1993 · Denmark
Founded in 1993 by Jakob Fenger, Rasmus Nielsen and Bjørnstjerne Christiansen, SUPERFLEX is a Danish artist group who create public artworks which are often playful and whimsical and yet often create a degree of controversy. They describe their projects as ‘Tools’ and invite audiences to participate in and modify the artworks, which then in itself creates statements on subjects such as economic conditions and production.
Much of Superflex’s body of work is driven by process and bears echoes of the emboldened forms and ideas of the Pop Art era. The themes of Superflex’s creations bear a more serious tone, though, that those preceding movements because their work taps into the essential concerns of our modern world from climate change to capitalism.
Superflex’s social and cultural concerns are best shown in the 2009 short film ‘Flooded McDonald’s’, which depicts a life size replica of a McDonald’s restaurant being entirely flooded with water. This slow film is devoid of drama, and instead looks to question the role of mass corporations in dealing with global issues such as climate change. However the artists are not opposed entirely to globalisation or commercialism, as shown in their ongoing project ‘Guarana Power’, in which the artists worked with local farmers to develop a drink which cultivates the berries of the guarana plant. Through this project, they look to establish new and more visible economic structures. Economics and production are themes in much of their work and are often used in playful ways, such as in their 2017 installation at the Tate Modern gallery in London, ‘One, Two, Three, Swing!’. Swings adorned the space which guests were invited to use, whilst a pendulum swung from the ceiling above a carpet decorated in the colours of British currency. By participating in swinging or by watching the slow movements of the pendulum, the audience were contributing to the piece by displaying both passive and active movements, representing different attitudes towards economic production. Their recent LED installation, ‘It Is Not The End of the World’, reveals a biting critique of contemporary climate change policies through the lens of an enticing display akin to a glossy advertisement.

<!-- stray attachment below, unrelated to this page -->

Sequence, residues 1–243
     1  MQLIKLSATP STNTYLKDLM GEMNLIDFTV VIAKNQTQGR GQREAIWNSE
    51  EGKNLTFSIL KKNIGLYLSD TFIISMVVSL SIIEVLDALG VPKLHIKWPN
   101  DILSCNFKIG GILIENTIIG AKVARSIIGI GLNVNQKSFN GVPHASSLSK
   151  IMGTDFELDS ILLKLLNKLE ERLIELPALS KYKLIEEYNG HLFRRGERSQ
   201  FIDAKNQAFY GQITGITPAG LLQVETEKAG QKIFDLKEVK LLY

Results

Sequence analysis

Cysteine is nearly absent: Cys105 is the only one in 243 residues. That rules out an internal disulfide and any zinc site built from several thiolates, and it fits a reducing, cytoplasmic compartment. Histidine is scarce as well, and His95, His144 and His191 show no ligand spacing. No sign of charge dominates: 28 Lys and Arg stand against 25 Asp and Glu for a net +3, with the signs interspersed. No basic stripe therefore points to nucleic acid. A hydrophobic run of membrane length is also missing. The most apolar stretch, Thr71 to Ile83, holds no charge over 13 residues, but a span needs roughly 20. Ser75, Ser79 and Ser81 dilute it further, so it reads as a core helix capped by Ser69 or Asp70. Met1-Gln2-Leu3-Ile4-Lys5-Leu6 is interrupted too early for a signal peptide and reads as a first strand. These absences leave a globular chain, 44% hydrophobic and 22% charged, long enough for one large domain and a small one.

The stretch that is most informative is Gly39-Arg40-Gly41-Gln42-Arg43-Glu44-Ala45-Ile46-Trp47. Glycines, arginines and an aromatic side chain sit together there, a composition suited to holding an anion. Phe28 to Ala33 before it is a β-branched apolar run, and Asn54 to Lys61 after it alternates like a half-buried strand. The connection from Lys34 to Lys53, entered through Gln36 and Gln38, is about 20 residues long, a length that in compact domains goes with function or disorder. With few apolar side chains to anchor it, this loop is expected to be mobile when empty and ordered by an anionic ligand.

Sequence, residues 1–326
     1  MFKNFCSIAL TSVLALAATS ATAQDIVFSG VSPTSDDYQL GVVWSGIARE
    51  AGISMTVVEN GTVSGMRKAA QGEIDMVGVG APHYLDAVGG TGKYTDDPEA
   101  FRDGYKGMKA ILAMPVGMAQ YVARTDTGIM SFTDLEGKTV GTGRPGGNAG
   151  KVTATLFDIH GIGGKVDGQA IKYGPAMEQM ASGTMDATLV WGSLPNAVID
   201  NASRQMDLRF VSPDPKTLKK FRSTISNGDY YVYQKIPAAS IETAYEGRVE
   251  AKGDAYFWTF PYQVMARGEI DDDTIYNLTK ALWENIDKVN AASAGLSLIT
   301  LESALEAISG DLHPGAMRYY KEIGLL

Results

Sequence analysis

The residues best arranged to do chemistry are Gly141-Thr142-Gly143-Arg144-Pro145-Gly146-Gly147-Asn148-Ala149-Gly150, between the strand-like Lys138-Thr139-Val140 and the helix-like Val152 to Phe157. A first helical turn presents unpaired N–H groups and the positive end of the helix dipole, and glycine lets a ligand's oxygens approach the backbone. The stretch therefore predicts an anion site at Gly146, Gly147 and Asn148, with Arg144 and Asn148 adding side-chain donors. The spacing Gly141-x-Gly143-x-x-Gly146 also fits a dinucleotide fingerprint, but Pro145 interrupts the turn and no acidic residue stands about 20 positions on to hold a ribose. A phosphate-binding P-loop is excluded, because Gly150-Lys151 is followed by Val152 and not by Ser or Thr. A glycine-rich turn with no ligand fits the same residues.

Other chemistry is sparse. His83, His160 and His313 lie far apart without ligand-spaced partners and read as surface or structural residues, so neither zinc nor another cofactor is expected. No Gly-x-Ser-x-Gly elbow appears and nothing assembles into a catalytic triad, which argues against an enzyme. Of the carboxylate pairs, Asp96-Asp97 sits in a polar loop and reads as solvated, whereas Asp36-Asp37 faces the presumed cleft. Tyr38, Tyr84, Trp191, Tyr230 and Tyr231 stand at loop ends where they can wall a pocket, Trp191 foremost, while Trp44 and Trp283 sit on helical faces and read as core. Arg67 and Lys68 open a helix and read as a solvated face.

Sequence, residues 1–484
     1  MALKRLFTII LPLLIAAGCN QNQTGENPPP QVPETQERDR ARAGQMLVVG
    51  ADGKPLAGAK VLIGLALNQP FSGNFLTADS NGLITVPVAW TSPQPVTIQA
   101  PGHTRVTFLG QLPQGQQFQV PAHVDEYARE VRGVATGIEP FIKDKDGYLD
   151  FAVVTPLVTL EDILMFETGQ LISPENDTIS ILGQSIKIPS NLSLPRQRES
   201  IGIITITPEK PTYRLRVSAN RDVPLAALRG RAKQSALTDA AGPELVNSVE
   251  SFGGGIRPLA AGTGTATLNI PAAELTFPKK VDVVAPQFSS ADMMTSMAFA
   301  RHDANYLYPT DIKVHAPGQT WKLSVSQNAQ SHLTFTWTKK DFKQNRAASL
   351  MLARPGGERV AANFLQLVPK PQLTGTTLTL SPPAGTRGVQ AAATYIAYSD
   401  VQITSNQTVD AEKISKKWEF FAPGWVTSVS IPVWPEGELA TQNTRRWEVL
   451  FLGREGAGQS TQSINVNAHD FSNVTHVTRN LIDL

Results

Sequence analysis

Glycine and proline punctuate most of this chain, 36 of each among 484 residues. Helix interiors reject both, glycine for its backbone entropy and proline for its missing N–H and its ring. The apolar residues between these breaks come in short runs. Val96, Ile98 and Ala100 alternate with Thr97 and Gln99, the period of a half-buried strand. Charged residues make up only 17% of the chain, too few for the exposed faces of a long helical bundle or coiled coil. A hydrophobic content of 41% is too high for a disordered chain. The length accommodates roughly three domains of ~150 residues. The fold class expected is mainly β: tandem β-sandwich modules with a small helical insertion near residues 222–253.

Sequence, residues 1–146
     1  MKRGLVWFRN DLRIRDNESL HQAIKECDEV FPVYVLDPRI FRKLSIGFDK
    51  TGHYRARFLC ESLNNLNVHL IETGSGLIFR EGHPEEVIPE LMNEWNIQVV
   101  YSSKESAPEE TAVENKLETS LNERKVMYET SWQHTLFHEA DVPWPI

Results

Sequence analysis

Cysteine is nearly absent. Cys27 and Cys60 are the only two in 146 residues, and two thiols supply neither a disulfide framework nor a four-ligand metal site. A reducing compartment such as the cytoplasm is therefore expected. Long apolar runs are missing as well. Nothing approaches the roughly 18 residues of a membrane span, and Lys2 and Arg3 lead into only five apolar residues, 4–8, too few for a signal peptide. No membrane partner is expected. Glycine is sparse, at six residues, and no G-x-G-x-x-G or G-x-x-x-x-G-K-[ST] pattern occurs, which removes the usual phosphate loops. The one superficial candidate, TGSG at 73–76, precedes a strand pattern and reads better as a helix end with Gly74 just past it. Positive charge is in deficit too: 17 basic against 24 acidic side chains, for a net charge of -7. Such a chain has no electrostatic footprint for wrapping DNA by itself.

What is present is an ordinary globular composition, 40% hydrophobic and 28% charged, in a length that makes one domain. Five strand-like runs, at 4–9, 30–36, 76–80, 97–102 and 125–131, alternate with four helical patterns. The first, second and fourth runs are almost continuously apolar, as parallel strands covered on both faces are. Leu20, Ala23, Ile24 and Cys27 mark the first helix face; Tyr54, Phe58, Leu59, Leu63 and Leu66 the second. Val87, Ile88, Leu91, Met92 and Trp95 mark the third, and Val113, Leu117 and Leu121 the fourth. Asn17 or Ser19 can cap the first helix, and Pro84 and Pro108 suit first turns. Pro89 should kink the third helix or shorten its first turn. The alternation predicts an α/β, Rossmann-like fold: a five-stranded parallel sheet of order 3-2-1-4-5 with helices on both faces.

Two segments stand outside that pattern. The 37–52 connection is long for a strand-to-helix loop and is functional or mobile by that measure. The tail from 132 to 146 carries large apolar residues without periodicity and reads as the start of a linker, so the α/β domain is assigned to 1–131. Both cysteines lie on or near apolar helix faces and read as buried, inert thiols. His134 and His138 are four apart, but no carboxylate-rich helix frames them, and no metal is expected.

Superflex' works are represented in public art institutions such as MoMA in New York, Queensland Art Gallery in Brisbane, Louisiana Museum of Modern Art in Denmark, Galerie für Zeitgenössische Kunst in Leipzig, The Museum of Contemporary Art in Oslo, and Kunsthaus Zürich in Switzerland. In 2017 they were commissioned to produce the Hyundai Turbine Hall installation at the Tate Modern gallery in London. They are currently represented by Nils Staerk in Copenhagen, Denmark, and 1301PE in Los Angeles, California.